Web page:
Black parents, please do everything you can to expose your young kids to a wider variety of black images. Centric and TVOne are a start. Support smart web series that put forth diverse stories about black people so that they can one day reach television. What young children consume regularly does matter when it comes to the choices they make and future steps they take.


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After weeks of persistent tweets, calls and boycotting of sponsors, Vh1 finally caved to the pressure and decided to end their show Sorority Sisters in a not so spectacular way. They are "dumping" the final episodes on a Friday night, which is basically the same as saying "just get rid of it."

This boycott taught me a few things that I didn't know (like how defiant VH1 and certain advertisers would be to a serious boycott movement) and also affirmed a few that I did know. Here they are:

1. Money talks, B...S... walks 
When VH1's advertisers started calling them up saying "please take our ads off Sorority Sisters" the show became more of a charity than a profit-driven vehicle. VH1 isn't in the business of doing things for fun -- it's all about the money. 

I will post a list of the advertisers who defiantly refused to remove their ads as soon as I have it. I believe these are the companies that will be most likely to give the middle finger to *any* movement against negative black images in the media. If you want bad reality TV gone, withdraw support from these companies. 

2. Some people will do or say anything to defend negative TV. 
It's so important to ignore detractors & deflectors when you're moving toward a goal. They will always be there, trying to trip you up and make you feel like you're wasting your time. Some are being paid to do so.

3. VH1 producers and bosses are some stubborn SOBs! 
Since the days of Flavor of Love, I've never seen a VH1 television show be forced off the air by a protest or public pressure. This was the first serious test of what it would take, and I'm a little surprised (but not very) by how defiant VH1 was about keeping this show around despite lower ratings, 70 advertisers pulling out and the possibility that it could activate future boycott movements against their channel. They barely even did any advertising or promotion for the show.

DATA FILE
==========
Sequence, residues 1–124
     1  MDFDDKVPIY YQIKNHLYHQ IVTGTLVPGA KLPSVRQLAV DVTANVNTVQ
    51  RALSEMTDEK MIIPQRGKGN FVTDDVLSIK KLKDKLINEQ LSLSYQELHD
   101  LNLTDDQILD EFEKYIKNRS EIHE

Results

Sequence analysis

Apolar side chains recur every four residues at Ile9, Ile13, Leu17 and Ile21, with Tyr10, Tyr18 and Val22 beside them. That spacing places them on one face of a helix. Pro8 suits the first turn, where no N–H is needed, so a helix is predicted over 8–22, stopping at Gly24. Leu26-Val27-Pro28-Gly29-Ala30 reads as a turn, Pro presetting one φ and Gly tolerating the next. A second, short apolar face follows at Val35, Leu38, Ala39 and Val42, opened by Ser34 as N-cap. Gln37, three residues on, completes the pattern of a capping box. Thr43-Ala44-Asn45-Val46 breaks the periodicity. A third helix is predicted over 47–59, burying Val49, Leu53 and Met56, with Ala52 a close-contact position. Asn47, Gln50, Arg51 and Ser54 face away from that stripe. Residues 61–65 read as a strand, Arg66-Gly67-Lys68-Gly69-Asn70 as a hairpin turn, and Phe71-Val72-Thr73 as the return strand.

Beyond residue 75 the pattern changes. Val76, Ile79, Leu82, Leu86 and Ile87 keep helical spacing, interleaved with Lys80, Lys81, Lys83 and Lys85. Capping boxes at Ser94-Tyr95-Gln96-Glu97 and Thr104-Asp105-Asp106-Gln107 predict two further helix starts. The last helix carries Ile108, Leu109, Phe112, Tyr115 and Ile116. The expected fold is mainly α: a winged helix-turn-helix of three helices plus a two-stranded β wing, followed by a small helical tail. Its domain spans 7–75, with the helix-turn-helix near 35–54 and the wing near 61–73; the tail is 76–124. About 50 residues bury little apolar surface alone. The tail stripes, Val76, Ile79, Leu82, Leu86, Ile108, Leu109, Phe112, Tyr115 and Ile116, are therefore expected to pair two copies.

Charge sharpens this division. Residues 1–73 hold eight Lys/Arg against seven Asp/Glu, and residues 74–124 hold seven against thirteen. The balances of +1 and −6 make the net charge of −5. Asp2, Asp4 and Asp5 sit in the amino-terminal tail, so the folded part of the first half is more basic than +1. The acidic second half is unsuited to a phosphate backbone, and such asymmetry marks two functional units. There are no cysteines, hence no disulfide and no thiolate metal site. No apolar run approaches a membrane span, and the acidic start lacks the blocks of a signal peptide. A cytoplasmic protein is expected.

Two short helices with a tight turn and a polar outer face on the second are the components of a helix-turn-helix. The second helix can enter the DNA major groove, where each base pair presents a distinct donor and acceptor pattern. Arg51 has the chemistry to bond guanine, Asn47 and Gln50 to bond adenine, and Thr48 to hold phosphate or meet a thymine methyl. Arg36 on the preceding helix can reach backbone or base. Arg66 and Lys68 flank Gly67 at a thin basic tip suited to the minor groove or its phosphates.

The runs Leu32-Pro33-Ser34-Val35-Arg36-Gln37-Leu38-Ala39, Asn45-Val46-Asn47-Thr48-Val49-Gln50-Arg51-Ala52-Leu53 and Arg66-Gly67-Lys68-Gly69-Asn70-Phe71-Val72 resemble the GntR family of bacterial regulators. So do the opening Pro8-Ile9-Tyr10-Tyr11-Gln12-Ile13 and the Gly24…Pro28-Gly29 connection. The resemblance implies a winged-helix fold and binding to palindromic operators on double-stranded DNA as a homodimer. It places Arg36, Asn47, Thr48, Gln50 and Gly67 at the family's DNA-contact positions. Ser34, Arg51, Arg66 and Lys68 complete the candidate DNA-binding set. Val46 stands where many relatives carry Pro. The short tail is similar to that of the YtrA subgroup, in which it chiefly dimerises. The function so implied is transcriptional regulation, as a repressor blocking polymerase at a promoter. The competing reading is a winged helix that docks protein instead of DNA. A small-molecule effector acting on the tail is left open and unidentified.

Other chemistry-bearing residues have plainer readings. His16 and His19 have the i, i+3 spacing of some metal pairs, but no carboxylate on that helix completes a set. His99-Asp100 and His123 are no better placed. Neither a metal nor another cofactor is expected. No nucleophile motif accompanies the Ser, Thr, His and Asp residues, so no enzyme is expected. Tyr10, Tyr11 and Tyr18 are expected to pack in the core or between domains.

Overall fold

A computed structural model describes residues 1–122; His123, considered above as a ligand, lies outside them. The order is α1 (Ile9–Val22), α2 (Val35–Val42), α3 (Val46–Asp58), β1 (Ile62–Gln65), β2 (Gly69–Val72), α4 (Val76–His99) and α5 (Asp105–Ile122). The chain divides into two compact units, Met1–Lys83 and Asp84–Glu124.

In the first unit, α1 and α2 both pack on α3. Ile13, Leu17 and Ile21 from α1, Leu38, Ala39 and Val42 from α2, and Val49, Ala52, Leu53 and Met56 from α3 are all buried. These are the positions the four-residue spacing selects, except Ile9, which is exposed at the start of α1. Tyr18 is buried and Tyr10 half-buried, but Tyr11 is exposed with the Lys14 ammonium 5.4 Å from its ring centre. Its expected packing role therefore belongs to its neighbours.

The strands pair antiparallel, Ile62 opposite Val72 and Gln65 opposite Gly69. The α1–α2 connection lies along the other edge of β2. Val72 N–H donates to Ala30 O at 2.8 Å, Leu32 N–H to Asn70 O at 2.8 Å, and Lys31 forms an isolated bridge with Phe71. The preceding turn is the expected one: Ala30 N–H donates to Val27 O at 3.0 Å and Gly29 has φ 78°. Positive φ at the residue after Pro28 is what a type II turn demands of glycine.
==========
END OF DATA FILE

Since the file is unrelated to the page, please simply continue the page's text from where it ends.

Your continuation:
4. A television network like @VH1 cares, knows and respects so little about the black community that they thought #SororitySisters would fly with 100+ year old organizations! 
These are the same organizations that cultural icons like Coretta Scott King, Dorothy Height and Zora Neale Hurston joined. They were established at the turn of the 20th century and continued going strong through countless social movements. Look at any major positive black movement and you'll see black sorority members at the helm. And despite this level of disrespect from VH1, black people continue to support their channel and shows.

5. Good things can come from bad situations. 
Here's the silver lining from the #BoycottSororitySisters movement: I've heard talks amongst sorority and fraternity members who want to target reality TV in discussions and forums on college campuses. It's no secret that a large portion of the reality TV target is young black college aged women, 18-25. 

Who knows, maybe VH1 did the black groups who are against negative reality TV a favor in a way -- but they certainly didn't do any favors for their network or the women (cast members) who chose to join Sorority Sisters. This is a legacy they will find hard to shake.